- The Russians
- Paul Manafort, Rick Davis worked for Deripaska–backed Yanukovych campaign in Ukraine and Davis-John McCain in 2008
- Konstantin Kilimnik–Soviet translator intelligence worked for Deripaska since 2005
- Dmytro Firtash-Ukrainian, supported Yanukovych and in the
- Steele Dossier
- Russian Energy-RUSAL, partnered with Glencore
- Natural Resources – Glencore
United Company RUSAL– Deripaska- World’s 2nd Largest Aluminum company, overtaken by China Hongqiao Group in 2015; RUSAL(Russian Aluminum) merged with Glencore in March 2007.
December 19, 2018 Oleg Deripaska reduced ownership of EN+ Group PLC, which wholly owns JSC EuroSibEnergo (ESE), and owns United Co. Rusal PLC, from 70% to 49.5% and will not have a vote. Deripaska is to be structurally shielded from having any influence in the companies. “With this letter, we wish to provide you with notification that Treasury intends to terminate the sanctions imposed on En+ Group plc (“En+”), UC Rusal pie (“Rusal”), and JSC EuroSibEnergo (“ESE”)in 30 days. Deripaska will remain sanctioned. All of Deripaska’s property and interests in property, including entities in which he owns a fifty percent or greater interest, will remain blocked, and foreign persons will continue to be subject to secondary sanctions should they knowingly facilitate a significant transaction for or on behalf of Deripaska or entities in which he owns a fifty percent or greater interest. None of the transactions to be undertaken to divest Deripaska of his interests in these companies will allow Deripaska to obtain cash either in return for shares relinquished in, or from future dividends he may receive from, En+, Rusal, or ESE. OFAC reserves the right to relist any or all of these companies should the change in circumstances represented by their implementation of the agreement with OFAC be reversed, including by a material breach of the terms of the agreement.” Letter from the US Treasury, Andrea M. Gacki, Director, Office of Foreign Assets Control to Senate Majority Leader Mitch McConnell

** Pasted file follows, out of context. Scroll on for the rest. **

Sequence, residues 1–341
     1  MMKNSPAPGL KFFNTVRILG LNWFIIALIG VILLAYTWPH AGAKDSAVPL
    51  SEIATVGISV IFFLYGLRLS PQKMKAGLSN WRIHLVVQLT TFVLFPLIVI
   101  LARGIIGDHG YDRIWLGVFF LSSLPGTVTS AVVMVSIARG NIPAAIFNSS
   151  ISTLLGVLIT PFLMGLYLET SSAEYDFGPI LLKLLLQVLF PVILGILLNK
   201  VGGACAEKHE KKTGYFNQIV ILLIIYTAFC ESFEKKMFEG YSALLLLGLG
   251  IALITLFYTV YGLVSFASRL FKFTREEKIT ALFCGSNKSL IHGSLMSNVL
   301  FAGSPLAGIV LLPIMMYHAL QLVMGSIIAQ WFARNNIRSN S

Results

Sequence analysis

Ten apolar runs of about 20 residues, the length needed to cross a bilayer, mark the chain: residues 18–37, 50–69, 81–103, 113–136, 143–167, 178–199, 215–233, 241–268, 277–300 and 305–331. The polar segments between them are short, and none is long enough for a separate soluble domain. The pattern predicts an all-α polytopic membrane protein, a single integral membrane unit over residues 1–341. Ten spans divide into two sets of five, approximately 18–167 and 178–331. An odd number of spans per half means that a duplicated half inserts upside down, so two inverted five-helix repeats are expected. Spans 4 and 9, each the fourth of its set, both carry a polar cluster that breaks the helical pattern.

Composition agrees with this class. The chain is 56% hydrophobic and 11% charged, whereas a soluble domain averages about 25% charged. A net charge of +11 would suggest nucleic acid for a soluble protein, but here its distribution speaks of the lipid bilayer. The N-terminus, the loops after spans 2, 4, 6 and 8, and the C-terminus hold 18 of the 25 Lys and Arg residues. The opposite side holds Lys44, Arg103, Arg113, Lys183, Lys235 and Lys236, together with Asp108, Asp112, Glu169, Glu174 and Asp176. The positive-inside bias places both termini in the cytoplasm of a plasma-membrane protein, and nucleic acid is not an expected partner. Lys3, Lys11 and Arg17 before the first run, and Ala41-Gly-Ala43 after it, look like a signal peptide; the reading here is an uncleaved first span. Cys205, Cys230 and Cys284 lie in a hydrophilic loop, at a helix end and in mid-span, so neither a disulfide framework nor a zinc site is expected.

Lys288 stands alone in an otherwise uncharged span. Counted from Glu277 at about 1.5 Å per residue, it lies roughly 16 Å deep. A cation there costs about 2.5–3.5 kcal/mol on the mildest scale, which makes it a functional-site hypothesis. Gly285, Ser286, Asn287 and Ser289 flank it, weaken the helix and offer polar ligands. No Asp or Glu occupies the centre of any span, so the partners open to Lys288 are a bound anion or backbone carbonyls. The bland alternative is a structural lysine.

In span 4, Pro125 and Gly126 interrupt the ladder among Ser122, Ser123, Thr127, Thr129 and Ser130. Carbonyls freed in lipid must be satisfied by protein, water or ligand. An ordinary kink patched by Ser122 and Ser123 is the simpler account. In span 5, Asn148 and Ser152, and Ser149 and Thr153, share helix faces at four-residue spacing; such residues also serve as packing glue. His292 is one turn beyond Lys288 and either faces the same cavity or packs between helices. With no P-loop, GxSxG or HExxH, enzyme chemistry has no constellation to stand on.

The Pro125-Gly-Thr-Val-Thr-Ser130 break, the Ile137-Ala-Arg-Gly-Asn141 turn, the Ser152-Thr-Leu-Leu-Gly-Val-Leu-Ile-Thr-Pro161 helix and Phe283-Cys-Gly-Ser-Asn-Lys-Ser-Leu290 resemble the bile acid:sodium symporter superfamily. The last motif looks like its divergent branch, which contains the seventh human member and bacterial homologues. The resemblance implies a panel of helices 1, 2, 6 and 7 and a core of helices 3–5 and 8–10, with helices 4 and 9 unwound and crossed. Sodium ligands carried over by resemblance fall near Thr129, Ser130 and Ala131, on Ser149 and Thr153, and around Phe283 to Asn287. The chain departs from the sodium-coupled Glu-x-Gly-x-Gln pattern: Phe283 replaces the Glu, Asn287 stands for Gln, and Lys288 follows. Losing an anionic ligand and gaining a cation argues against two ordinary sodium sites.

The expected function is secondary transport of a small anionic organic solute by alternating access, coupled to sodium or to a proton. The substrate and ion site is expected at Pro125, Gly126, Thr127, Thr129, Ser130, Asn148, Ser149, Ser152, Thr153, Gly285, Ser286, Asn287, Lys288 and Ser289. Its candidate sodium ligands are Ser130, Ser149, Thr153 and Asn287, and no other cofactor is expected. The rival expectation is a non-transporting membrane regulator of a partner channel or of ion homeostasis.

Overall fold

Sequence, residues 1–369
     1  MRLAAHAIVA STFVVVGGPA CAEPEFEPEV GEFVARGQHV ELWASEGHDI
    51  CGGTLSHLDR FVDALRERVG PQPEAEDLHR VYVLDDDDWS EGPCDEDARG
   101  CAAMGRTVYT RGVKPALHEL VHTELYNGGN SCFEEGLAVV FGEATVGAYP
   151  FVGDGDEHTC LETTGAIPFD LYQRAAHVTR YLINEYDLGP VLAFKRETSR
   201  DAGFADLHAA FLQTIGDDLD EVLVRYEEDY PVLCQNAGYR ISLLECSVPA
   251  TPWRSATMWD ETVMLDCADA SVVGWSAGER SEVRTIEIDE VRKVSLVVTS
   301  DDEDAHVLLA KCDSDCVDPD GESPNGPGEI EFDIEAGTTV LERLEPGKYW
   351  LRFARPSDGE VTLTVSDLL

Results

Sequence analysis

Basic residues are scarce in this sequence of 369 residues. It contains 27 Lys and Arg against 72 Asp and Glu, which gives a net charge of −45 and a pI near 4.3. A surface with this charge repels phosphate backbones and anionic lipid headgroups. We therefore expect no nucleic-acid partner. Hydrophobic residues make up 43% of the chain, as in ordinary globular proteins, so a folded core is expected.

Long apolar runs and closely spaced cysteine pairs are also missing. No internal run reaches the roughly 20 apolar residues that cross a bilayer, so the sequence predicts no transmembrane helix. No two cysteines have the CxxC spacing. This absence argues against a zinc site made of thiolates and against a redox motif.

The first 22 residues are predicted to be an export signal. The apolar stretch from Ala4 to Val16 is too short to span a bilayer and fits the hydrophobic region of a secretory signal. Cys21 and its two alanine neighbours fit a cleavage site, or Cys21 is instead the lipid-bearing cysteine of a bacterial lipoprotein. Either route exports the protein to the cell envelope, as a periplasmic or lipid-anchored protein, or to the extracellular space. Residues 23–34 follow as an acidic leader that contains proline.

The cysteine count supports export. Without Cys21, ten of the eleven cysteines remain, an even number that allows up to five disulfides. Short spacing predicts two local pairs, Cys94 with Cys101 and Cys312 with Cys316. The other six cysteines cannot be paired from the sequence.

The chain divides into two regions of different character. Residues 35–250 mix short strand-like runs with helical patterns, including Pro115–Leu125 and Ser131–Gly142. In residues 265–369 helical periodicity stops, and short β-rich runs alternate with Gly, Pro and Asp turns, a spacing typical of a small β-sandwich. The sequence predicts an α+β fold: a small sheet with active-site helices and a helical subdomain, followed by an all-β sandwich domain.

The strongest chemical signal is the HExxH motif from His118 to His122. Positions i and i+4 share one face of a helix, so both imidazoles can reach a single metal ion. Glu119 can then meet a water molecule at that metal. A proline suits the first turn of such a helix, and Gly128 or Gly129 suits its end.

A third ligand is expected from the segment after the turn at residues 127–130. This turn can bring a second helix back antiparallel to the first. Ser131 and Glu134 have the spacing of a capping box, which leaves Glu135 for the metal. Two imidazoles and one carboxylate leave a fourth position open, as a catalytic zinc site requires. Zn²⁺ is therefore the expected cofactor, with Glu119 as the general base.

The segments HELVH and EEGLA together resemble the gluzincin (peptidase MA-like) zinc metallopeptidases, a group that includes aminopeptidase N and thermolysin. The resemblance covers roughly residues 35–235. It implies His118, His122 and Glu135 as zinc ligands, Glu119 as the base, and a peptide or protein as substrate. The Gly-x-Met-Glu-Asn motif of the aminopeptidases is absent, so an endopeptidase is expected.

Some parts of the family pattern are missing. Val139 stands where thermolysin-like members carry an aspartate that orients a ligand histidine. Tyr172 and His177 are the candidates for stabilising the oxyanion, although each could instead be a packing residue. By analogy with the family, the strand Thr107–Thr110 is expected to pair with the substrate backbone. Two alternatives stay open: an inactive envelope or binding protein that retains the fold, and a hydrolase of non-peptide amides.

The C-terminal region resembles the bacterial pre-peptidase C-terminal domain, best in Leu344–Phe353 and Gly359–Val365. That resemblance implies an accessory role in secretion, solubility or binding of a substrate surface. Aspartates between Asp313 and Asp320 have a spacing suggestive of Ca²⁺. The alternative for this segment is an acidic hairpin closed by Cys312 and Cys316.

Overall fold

Deripaska and Allies Could Benefit From Sanctions Deal, Document Shows NYTimes By Kenneth P. Vogel January 21, 2019
“DERIPASKA PAYDAY REVEALED: Washington lawyers who negotiated a deal with
@USTreasury to lift sanctions on the Russian oligarch’s companies were paid “a multiple” of the $600k+ that was paid to Mercury Public Affairs for lobbying to lift the sanctions, per @GregBarkerUK last week. VIDEO: Here’s a link to the full hearing from Wednesday of the hearing of the U.K. parliament’s foreign affairs committee, which was quite skeptical of both the U.S. lobbying & the sanctions relief for DERIPASKA’s companies, as this clip makes clear.” @KenVogel. UK Parliament TV. “FARA LOOPHOLE: The law firms that helped negotiate the sanctions relief for DERIPASKA’s companies — including @lathamwatkins, @steptoellp & @Dentons — were not required to disclose how much they were paid under the Foreign Agents Registration Act, because it exempts legal work. NEW DERIPASKA DETAILS: Under @USTreasury‘s sanctions relief deal, 10.5M shares (current value: $94.5M) of Deripaska’s EN+ were transferred to a mysterious entity called the LIBERI FOUNDATION. *Despite the name, Liberi is actually a trust fund for Deripaska’s kids, I can confirm. The transfer of $94.5M worth of shares to a trust fund for DERIPASKA’s kids means that the sanctioned Russian oligarch’s family will benefit from a TRUMP administration deal intended to punish him.” @KenVogel